Other Businesses – Computing the deduction for other entities gets significantly more complicated depending upon the taxable income. The computations fall into three categories:

  • Taxable income below the threshold amount described above,
  • Taxable income above the threshold but less than the cap amount noted above, and
  • Taxable income exceeding the cap.

Income below the threshold – The entity’s deductible amount is the full 20% of QBI.

Income above the threshold but less than the cap – This is the most complicated computation because the wage limit is phased-in between the threshold and the cap; it only applies to a pro rata portion of the deduction.

Income above the cap – The deduction is equal to the lesser of the wage limitation or 20% of QBI.

Example: A single taxpayer has a taxable income of $125,000. He runs a small car-repair business that has a net profit (QBI) of $100,000. Because his taxable income is below the threshold, his deduction for the business entity is $20,000 (20% of $100,000).


Example: A married taxpayer with a taxable income of $500,000 is a shareholder in an S corporation. The K-1 from the S corporation shows pass-through income (QBI) of $300,000. The pro rata share of that taxpayer’s wages that were paid by the corporation is $100,000, and the pro rata share of the taxpayer’s qualified business property is $75,000.

Because the taxable income is above the cap, the deduction for this business entity is the lesser of the wage limitation or 20% of the QBI. The wage limitation is the greater of $50,000 (50% of the $100,000 in wages) or $26,875 (25% of the $100,000 in wages plus 2.5% of the $75,000 in qualified business property). Thus, the wage limitation is $50,000. This is less than $60,000 (20% of the $300,000 in QBI), so the taxpayer’s deduction for this business is limited to $50,000.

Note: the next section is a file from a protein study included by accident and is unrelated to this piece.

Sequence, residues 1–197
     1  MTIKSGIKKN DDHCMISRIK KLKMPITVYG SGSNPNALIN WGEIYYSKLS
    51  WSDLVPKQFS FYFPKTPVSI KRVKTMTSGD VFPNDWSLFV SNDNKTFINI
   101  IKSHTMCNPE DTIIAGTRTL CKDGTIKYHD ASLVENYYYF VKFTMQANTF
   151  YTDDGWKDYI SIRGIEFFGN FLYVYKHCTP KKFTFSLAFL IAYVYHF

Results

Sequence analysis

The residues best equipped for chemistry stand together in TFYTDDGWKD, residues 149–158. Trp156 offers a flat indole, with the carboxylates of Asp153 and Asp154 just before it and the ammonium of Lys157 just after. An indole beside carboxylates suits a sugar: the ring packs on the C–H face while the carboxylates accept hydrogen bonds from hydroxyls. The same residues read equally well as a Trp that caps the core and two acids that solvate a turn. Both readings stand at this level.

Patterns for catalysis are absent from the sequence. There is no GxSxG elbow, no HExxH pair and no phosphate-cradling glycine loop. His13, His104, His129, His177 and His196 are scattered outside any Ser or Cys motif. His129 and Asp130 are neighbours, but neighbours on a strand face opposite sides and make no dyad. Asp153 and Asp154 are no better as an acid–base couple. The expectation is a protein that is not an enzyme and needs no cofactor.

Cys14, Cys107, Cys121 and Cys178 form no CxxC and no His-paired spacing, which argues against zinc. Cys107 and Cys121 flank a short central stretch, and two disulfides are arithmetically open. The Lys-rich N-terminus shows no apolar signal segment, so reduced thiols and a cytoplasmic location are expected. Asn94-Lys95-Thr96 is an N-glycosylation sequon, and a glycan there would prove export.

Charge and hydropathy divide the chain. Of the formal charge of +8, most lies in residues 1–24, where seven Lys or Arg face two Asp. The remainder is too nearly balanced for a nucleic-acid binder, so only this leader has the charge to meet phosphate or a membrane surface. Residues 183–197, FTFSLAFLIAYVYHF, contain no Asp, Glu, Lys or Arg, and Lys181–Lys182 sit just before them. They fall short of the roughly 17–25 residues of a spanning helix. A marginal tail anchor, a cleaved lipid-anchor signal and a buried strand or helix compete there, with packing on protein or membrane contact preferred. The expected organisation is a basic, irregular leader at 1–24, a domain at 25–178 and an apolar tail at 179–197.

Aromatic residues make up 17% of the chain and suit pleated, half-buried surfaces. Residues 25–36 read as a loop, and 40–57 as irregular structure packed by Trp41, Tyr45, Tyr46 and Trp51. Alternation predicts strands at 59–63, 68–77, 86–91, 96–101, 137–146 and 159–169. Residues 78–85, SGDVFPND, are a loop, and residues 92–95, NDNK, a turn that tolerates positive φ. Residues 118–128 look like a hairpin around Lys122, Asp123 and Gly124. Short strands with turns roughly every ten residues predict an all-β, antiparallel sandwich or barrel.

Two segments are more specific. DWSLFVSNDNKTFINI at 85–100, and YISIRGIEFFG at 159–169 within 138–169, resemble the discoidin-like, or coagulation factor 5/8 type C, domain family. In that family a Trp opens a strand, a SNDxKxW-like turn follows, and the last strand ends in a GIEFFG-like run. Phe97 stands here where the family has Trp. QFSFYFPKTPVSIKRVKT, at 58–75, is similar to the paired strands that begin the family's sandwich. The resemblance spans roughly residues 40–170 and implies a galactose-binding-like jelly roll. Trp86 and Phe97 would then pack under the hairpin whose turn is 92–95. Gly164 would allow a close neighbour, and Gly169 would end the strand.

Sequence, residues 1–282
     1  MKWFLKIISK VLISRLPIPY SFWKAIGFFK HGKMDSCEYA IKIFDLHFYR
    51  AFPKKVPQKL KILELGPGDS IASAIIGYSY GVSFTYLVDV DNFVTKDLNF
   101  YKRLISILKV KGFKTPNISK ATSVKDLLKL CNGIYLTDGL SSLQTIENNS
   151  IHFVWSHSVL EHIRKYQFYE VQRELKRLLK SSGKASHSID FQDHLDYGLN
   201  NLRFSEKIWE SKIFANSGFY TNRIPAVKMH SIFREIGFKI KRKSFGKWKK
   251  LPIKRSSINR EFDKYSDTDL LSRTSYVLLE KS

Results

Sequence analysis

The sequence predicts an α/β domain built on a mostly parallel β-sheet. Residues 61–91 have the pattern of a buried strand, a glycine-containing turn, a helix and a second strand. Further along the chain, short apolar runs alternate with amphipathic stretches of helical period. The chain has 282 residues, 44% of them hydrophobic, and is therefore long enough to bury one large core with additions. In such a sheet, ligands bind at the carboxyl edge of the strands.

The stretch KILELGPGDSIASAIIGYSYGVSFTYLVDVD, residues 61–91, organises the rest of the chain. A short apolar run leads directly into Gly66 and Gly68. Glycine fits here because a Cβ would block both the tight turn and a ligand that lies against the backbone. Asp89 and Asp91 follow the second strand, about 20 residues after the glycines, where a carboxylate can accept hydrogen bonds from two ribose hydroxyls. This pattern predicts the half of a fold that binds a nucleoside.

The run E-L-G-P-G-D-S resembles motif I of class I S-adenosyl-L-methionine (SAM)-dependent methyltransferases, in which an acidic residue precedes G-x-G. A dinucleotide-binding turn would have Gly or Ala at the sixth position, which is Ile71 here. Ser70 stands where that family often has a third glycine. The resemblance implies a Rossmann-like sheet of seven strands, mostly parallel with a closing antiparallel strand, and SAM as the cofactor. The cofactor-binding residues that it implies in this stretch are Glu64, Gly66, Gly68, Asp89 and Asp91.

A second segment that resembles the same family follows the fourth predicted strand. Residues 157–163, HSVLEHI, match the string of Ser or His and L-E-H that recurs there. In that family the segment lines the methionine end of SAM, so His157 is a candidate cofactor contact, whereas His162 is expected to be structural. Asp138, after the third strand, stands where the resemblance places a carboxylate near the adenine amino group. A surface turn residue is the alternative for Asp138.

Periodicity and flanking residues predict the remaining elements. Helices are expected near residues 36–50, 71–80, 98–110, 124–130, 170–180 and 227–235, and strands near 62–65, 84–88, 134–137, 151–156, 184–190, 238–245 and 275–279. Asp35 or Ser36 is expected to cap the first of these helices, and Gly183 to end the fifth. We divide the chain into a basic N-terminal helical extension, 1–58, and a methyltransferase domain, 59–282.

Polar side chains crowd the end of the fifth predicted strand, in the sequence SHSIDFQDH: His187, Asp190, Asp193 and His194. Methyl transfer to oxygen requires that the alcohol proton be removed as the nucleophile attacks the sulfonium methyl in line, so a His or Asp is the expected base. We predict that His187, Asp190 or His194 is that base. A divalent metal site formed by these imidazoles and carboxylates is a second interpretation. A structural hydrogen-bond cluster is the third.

With taxable income of $500,000, this taxpayer’s marginal tax bracket is 35%. This means that the $50,000 QBI deduction will save the taxpayer $17,500 of tax.



See this related post from Dennis HarabinThe Benefits of Filing a Tax Return
These days the tax return is used for more than just collecting taxes. It has also become a tool for the government to provide social benefits. This article discusses the various reasons and resulting benefits available to you when you file, even if you are not required to, as you may be eligible for a refund of withholding or estimated payments or a refund as a result of a refundable tax credit or even a stimulus payment that you didn’t previously receive.



Aggregating Amounts – Once the deductions have been determined for each of a taxpayer’s business entities, they are combined in a rather complicated computation. First, the total deduction is added to 20% of the taxpayer’s REIT dividends and all the taxpayer’s publicly traded partnership income and cooperative dividends (after limitations). The final step is to compare this combined deduction amount to 20% of the taxpayer’s adjusted taxable income (i.e., taxable income minus capital gains); the lesser of the two becomes the actual deductible amount.

As you can see, this deduction provides a great tax benefit for business owners, but it can be quite complicated.


Do you have some questions? Dennis Harabin at Relax Tax can answer them!


Please contact this office at 551-249-1040 with your questions and for assistance in determining your deduction.